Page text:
Shell Profits Soar As Big Spending Starts to Pay Off

Shell Profits Soar As Big Spending Starts to Pay Off

LONDON (Dow Jones Newswires), Oct. 27, 2011

Shell said its adjusted profit for the third quarter rose by a better-than-expected 42%, driven by strong oil and rising natural gas prices as major projects ramp up production.

The results reveal that the company is reaping rewards for heavy investment in new infrastructure, some of which enables it to turn less valuable hydrocarbons like natural gas and oil sands into high quality transport fuels and lubricants.

Shell also said it would continue to dispose of assets that are not essential to its core business. It has sold $6.2 billion of assets so far this year, with $1.8 billion of those sold in the third quarter.

"We continue to make good progress with our strategy--improving our competitive performance, delivering a new wave of production growth, and maturing the next generation of growth options for shareholders," said Shell's Chief Executive Peter Voser.

The company has resumed its share-buyback program, buying $800 million of its shares back during the third quarter while financial markets were weak, Voser said.

The Anglo-Dutch energy company said the clean current cost of supplies, a keenly-watched figure that strips out gains or losses from inventories and other non-operating items, was $7 billion in the three months ended Sept. 30, compared with $4.93 billion in the third quarter of 2010. This was above average expectations of $6.60 billion in a Dow Jones Newswires poll of 10 analysts.

Sales of liquefied natural gas rose 12%, Shell said, mainly due to new contributions from its huge Qatargas 4 LNG plant.

The rise in profitability also reflected a stronger-than-expected performance by the company's refining and marketing business, which contributed $1.81 billion to the net result, underpinned by higher earnings at Shell's chemicals business.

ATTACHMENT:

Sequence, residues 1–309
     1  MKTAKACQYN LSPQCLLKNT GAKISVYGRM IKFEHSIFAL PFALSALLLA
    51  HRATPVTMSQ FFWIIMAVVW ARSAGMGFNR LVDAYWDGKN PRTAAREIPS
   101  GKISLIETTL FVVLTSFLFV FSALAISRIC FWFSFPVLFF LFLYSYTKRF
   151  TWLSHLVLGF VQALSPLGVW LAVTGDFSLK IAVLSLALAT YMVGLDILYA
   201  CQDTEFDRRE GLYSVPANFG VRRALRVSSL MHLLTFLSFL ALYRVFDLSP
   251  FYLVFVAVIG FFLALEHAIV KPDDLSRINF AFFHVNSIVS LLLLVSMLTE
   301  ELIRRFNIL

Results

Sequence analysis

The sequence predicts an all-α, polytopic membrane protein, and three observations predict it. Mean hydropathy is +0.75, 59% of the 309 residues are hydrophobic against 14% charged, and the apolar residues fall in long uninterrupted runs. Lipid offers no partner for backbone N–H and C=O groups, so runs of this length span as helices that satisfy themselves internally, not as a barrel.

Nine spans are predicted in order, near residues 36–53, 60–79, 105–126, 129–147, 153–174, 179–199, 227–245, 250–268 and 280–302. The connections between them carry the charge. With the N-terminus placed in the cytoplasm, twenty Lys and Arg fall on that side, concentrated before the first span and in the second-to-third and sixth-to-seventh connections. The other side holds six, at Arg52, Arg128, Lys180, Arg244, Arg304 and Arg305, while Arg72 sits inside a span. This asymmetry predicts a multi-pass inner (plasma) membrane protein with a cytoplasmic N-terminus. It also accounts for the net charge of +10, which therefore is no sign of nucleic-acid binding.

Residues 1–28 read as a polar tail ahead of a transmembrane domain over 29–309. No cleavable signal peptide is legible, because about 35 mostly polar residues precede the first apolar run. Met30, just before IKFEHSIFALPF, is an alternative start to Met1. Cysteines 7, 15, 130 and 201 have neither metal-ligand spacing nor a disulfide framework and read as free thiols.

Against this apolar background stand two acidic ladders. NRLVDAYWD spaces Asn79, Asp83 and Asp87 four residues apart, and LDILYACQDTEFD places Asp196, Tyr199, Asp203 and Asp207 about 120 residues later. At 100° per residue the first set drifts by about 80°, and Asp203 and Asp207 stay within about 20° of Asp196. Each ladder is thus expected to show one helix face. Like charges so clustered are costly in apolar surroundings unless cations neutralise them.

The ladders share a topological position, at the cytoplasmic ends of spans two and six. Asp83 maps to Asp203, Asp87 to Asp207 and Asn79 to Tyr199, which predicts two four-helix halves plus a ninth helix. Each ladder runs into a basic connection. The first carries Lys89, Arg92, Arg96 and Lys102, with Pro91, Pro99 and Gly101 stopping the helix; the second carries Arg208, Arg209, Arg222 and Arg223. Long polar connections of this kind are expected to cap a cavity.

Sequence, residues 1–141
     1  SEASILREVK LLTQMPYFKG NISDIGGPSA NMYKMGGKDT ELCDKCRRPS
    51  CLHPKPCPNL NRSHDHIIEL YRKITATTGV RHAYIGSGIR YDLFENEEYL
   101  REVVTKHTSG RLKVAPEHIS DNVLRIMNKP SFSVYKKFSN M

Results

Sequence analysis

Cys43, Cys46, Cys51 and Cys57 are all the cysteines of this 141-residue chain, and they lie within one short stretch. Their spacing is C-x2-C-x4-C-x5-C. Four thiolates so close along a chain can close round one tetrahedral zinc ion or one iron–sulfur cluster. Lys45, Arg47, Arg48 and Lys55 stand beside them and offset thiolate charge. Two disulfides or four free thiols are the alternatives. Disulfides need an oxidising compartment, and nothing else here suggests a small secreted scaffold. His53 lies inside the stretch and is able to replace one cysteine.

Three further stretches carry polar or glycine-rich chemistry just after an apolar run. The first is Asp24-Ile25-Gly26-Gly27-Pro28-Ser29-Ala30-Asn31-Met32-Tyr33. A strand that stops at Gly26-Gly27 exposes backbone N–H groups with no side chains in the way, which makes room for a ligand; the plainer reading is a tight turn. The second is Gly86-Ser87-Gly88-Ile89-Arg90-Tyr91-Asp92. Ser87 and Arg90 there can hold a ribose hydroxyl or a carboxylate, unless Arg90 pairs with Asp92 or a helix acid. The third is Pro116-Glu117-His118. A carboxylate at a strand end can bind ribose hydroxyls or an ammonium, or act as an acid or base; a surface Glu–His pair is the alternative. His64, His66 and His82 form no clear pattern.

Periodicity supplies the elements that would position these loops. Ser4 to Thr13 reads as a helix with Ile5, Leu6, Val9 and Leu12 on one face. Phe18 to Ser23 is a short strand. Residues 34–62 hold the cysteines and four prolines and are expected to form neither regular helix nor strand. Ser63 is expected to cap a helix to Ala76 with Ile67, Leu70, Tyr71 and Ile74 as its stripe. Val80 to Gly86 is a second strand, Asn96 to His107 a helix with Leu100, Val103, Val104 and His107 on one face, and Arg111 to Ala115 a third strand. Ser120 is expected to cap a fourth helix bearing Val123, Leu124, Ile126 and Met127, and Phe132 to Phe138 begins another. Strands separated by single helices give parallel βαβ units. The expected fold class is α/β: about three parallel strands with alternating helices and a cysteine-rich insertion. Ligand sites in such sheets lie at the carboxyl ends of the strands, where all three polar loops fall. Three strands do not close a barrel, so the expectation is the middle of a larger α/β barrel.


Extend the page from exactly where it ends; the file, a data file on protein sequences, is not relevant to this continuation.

Santander analyst Jason Kenney said Shell had posted "a good set of numbers," highlighting the strong performance of its refining and marketing business and the company's "phenomenal cash flow." Shell's renewed commitment to share buybacks will be appreciated by the market, he said.

"People are looking to Shell for a good financial performance, and that's what they're getting," said Royal Bank of Canada's Peter Hutton.

Shell's oil and gas production totaled 3.012 million barrels of oil equivalent per day in the third quarter, a decline of 2% on the year due to the impact of asset sales. Analysts were expecting production to rise 0.5%. Absent the 100,000 boepd lost due to these divestments, Shell said its production grew 2% on year.

Shell said it continued to benefit from the contribution of new project start-ups like the Pearl gas-to-liquids plant. New field start-ups and continuing growth in output from other fields contributed 270,000 barrels of oil equivalent a day to its quarterly output.

However, production at its Nigerian joint venture fell year-on-year for the first time in two years, signaling a reversal of an encouraging trend of diminishing attacks on oil infrastructure in the troubled Niger Delta. Shell's share of the Nigerian joint venture's output fell 3% to 281,000 boepd, the earnings data showed.

Net profit for the quarter totaled $6.98 billion, more than double the $3.46 billion posted a year ago.

Group revenue was $123.41 billion, compared with $90.71 billion in the third quarter of 2010.

Diluted earnings per share were 112 cents compared with 56 cents the previous year.

Shell B shares were up 29 pence, or 1.2%, at 2348 pence following the earnings release. The stock has risen 9% since the beginning of the year.

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